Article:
“There’s less resistance from consumers and more from the industry, though we continue to get gradual increases in requests for them,” explains CEO Douglas Blank. “Our company is 100 years old, and lab-growns are keeping me busy and our phones ringing.”
Of course, the individual purchase figures can look disappointingly low compared to natural. “We just sold a 3.50-carat lab-grown stone for $13,000 that would have been $30,000 in a mined diamond,” he relates.
Demand for more
Of all the pros and cons, the most compelling argument for selling lab-created diamonds is that consumers are buying them.
For Sehal Mody, chief operations officer at GoGreen Diamonds, the proof is in the sales. His firm — a four-year-old division of a 40-year-old natural-diamond-jewelry manufacturer — has gone from making about two sales a month 10 years ago to getting retailer requests for entire showcases full of both loose lab-grown diamonds and finished jewelry.
“Retailers are looking for bridal and fashion basics,” he reports.
The biggest impetus for sales? Lightbox. Before the De Beers lab-grown jewelry line emerged, many merchants were hesitant to embrace this product category. Now sales are heating up, as is evident from the expanding Lab-Grown Diamond Neighborhood at JCK. At press time, JCK Las Vegas was still finalizing plans for the section’s further growth in 2020. Blank has already requested a booth double the size of this year’s.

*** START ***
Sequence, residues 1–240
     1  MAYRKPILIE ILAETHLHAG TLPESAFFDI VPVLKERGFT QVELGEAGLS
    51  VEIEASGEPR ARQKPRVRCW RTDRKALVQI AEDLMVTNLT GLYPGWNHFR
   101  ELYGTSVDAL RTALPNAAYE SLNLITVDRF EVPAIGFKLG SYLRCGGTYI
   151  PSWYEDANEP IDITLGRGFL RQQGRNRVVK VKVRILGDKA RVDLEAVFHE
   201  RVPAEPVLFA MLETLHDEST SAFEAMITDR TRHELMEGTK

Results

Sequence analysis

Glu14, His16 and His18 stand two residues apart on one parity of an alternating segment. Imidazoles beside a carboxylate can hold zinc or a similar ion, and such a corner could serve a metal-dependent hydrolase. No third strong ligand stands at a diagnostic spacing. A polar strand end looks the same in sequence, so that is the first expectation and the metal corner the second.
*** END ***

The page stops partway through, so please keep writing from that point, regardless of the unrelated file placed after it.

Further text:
“Lightbox really opened up the market,” affirms Mody.
Fenix, another lab-grown company, used virtual reality at its JCK booth to present the gems as a product that offered consumers a choice. In a five-minute experience, retailers could see the growing and cutting processes for themselves — the latter carried out at a factory in India.
“We’re not looking to pick a fight about what’s better or not,” says brand-builder Andrea Hansen, who aided Fenix with its campaign. “But we are well-equipped for volume, from 30 points to 3 carats and more. Lab-growns could dominate the fashion space.”
Bigger as they go
That speculation paves the way for the inevitable question of what’s next for synthetics. Many are saying bigger pieces of finished jewelry, and definitely more sales — though how much more is anybody’s guess.